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Students from De Montfort University Leicester (DMU) are the first in the country to help drive the PRINCIPLE clinical study to find Covid-19 treatments for the over 50’s that can help speed up recovery.

A railway sign saying "Leicester" © Shutterstock

Students are being asked to help in the fight against Covid-19 by spreading the word about the nationwide trial to their families and friends, to help increase awareness and participation.

The trial is open across the UK to people aged over 50 with certain underlying health conditions, or anyone aged over 65. Those in the first 14 days of Covid-19 symptoms or with a positive test result can join easily from home, with an aim to reduce symptoms, speed up recovery and avoid hospital. PRINCIPLE is primarily evaluating whether treatment prescribed in the first 14 days of Covid-19 illness can speed up recovery in people aged over 50 and prevent the need for hospital admission.

Dr Neena Lakhani, Senior Lecturer in Clinical Pharmacy and Pharmacy Practices at DMU said: “I fully support this trial and I thought our students could do a lot in spreading the word about this to their families.

“From my research I know families and communities listen to their children. I thought it would be wonderful if our university could be a vehicle to get participants for this trial and to let others know about it too.”

Additionally, Professor Mahendra Patel, National BAME community and Pharmacy Research Lead on the trial said: “The PRINCIPLE trial provides a great opportunity in reaching out to the public in different and innovative ways. And now with the student cohort from DMU championing this urgent public health trial by acting as ambassadors, this is just excellent news.

“Bringing students on board is a perfect means of helping to raise awareness of this treatment trial, especially among older parents, grandparents, and the significant numbers of BAME families, all linked through DMU.

“This could prove to be a highly effective means of conveying public health messages in the future. After DMU roll out this programme, I wouldn’t be surprised if other universities joined in to support the PRINCIPLE trial and do something similar too.”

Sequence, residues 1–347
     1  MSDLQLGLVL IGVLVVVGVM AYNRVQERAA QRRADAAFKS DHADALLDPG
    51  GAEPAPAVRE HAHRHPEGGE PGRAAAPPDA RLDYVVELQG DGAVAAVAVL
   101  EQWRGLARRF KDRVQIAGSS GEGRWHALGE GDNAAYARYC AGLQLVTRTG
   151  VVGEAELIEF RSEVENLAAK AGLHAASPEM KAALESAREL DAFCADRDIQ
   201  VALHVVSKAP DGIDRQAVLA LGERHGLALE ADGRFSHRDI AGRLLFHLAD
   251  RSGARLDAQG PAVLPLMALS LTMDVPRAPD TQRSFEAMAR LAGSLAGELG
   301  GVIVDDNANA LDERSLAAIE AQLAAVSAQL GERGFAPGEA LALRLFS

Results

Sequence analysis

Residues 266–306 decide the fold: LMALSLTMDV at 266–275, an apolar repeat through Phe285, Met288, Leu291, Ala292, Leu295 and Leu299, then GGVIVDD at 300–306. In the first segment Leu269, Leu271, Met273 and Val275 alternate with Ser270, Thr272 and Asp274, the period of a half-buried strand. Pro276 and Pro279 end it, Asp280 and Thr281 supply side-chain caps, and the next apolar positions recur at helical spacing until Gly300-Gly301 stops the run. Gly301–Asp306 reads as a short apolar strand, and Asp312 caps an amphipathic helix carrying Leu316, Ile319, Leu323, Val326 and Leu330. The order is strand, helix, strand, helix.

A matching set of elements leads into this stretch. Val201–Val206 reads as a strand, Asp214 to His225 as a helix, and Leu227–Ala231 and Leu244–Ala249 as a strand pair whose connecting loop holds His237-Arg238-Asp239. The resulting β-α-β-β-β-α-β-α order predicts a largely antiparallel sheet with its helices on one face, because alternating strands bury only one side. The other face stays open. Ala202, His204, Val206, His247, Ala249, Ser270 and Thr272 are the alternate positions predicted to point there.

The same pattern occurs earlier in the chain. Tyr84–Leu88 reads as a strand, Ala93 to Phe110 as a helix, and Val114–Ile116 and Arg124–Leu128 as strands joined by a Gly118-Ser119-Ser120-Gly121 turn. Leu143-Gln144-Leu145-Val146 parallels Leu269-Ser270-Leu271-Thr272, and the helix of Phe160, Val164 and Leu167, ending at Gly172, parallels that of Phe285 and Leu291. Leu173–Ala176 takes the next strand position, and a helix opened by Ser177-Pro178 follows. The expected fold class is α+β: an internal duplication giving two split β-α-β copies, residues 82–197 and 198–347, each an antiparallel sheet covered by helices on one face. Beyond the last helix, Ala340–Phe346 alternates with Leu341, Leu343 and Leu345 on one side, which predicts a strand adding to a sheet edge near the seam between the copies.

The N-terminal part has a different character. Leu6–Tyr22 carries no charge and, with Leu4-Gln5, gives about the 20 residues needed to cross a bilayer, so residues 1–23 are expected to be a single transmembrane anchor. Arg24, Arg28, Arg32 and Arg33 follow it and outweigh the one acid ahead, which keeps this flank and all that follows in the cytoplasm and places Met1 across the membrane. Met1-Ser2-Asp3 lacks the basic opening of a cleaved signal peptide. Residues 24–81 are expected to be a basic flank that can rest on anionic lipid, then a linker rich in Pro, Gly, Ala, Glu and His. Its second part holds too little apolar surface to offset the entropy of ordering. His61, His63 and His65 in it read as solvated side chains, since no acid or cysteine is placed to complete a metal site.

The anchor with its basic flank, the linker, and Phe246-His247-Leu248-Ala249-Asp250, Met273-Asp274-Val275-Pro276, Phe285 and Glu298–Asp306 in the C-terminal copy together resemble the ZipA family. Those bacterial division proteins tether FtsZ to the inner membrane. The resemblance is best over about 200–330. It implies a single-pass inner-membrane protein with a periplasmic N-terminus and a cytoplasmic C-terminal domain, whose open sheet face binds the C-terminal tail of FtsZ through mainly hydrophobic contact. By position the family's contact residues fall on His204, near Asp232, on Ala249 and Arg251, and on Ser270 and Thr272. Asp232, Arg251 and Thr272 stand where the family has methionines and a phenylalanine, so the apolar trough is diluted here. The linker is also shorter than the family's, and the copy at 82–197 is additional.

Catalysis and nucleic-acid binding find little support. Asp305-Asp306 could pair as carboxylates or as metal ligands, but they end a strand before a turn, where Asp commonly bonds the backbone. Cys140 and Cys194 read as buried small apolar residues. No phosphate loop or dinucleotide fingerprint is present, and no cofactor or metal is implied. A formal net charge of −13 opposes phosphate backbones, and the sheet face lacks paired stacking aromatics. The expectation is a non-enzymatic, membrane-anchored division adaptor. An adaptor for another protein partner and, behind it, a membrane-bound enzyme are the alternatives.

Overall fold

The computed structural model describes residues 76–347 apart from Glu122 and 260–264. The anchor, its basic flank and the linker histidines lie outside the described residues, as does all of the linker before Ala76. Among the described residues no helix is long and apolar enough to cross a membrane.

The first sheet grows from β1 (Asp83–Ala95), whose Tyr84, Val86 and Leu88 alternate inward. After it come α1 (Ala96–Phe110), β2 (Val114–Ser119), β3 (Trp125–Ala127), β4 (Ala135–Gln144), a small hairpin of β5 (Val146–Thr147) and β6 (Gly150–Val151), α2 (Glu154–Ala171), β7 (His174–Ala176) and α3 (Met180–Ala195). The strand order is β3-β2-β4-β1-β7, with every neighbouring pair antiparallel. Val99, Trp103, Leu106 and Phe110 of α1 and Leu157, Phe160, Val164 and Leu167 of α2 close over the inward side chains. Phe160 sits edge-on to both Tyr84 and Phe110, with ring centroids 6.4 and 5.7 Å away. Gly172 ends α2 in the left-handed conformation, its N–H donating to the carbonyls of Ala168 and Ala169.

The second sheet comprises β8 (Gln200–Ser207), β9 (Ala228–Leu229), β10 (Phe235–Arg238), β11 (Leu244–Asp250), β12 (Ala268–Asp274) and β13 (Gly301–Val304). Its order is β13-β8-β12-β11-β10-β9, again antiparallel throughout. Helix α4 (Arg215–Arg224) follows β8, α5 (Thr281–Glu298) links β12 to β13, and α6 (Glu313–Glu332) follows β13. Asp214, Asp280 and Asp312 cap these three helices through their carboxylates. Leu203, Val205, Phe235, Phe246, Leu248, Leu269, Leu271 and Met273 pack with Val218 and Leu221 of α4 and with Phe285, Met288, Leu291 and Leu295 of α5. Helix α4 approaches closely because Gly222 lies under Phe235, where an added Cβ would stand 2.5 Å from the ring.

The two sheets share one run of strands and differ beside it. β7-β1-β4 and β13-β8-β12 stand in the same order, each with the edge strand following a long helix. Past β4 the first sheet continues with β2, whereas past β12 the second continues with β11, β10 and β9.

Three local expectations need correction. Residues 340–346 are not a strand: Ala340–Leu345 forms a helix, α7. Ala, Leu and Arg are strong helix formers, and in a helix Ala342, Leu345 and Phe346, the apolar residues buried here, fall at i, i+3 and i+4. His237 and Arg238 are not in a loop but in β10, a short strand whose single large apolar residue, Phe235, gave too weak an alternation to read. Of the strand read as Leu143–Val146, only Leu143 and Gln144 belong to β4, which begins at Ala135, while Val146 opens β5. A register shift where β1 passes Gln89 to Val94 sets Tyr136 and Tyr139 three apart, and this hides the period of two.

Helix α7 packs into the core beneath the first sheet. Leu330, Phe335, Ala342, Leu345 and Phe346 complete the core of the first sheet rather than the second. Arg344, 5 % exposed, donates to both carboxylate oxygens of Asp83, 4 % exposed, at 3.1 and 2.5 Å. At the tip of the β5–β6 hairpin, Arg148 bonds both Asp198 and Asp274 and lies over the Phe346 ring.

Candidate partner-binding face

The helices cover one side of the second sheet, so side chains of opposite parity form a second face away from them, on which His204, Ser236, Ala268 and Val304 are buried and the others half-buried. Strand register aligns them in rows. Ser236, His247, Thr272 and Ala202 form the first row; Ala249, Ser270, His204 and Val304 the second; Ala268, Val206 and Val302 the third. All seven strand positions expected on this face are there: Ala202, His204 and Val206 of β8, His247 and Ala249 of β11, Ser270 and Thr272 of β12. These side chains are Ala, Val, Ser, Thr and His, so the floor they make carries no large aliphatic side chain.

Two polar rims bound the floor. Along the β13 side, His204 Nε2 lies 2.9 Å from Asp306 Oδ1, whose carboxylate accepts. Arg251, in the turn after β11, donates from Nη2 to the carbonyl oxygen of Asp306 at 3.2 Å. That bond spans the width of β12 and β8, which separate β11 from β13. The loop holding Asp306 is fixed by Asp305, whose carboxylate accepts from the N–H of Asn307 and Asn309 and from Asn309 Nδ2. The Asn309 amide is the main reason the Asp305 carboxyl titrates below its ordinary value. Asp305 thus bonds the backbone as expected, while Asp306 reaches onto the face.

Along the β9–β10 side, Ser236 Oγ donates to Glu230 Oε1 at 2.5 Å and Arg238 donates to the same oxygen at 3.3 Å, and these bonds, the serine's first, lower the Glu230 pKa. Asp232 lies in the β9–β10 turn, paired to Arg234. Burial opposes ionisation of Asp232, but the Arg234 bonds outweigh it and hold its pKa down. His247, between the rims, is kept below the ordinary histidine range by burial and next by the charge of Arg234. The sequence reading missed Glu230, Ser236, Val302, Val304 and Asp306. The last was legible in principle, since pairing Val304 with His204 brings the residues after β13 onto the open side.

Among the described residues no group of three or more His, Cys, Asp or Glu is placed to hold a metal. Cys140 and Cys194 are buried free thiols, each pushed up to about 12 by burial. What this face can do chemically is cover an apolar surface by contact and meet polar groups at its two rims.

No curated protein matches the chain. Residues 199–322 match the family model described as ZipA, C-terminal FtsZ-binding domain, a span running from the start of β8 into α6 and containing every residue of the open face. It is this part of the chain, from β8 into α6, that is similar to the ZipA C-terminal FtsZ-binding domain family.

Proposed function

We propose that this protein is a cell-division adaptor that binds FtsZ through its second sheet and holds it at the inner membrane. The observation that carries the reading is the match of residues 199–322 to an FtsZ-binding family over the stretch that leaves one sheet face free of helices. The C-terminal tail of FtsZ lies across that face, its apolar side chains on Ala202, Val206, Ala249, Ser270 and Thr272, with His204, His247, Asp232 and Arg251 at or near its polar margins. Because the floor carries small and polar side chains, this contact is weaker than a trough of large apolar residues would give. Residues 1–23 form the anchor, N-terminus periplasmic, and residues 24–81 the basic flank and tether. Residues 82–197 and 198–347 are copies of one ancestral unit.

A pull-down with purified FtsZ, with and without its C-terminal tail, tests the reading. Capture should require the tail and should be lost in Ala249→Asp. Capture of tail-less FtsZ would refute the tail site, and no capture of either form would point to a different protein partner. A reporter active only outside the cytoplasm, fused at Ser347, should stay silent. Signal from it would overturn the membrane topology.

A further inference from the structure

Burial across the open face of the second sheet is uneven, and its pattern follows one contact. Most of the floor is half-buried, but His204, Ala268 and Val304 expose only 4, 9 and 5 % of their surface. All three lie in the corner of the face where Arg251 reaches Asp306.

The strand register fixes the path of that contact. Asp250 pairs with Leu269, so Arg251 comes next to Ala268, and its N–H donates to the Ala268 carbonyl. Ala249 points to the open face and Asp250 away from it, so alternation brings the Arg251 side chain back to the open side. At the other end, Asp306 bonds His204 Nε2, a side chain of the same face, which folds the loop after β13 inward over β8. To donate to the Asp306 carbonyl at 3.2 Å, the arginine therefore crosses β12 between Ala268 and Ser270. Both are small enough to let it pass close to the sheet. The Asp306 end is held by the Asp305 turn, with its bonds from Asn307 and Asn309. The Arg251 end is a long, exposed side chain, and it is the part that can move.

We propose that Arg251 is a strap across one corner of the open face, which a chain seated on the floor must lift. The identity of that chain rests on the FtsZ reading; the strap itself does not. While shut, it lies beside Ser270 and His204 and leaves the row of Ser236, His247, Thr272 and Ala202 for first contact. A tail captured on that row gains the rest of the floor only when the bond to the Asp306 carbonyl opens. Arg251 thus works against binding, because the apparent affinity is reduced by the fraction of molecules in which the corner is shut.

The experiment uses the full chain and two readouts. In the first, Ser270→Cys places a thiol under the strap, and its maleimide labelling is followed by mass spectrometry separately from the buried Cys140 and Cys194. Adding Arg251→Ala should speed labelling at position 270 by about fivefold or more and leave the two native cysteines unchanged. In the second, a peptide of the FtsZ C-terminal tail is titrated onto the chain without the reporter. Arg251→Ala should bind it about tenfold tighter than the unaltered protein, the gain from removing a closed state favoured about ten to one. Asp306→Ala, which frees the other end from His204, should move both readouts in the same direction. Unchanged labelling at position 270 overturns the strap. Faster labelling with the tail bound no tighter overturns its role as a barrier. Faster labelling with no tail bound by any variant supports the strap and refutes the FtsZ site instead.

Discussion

He continued: “Even with the news of the vaccine the importance of this trial is still very high. Vaccination, treatment and testing all need to work hand in hand, we cannot just rely on one.

“We need all of them, it’s vital we continue to look for an effective and safe treatment.”

Professor Andy Collop, Deputy Vice Chancellor at DMU said: “This is great to see our students at the forefront of something that is so important to everyone across the nation. I am proud to see DMU supporting such an important trial and I hope other universities follow.”

PRINCIPLE Trial Lead, Professor Chris Butler, from University of Oxford said: “PRINCIPLE is a rigorous clinical trial that will answer urgent questions about which treatments can help people recover from Covid-19 at home and reduce the need for hospital admission.

“Many more people are needed to join the study so we can generate high-quality evidence to guide the best available clinical care for all those who are unfortunately suffering from this terrible illness at home. I’m incredibly grateful to DMU students for joining our nationwide collaboration.”

Anyone who fits the eligible criteria and wants to take part can visit the website, or telephone 0800 138 0880. Before access to the trial is granted everything is run by the participant’s GP and medication is then sent out to the participant at home, who is then supervised for 28 days.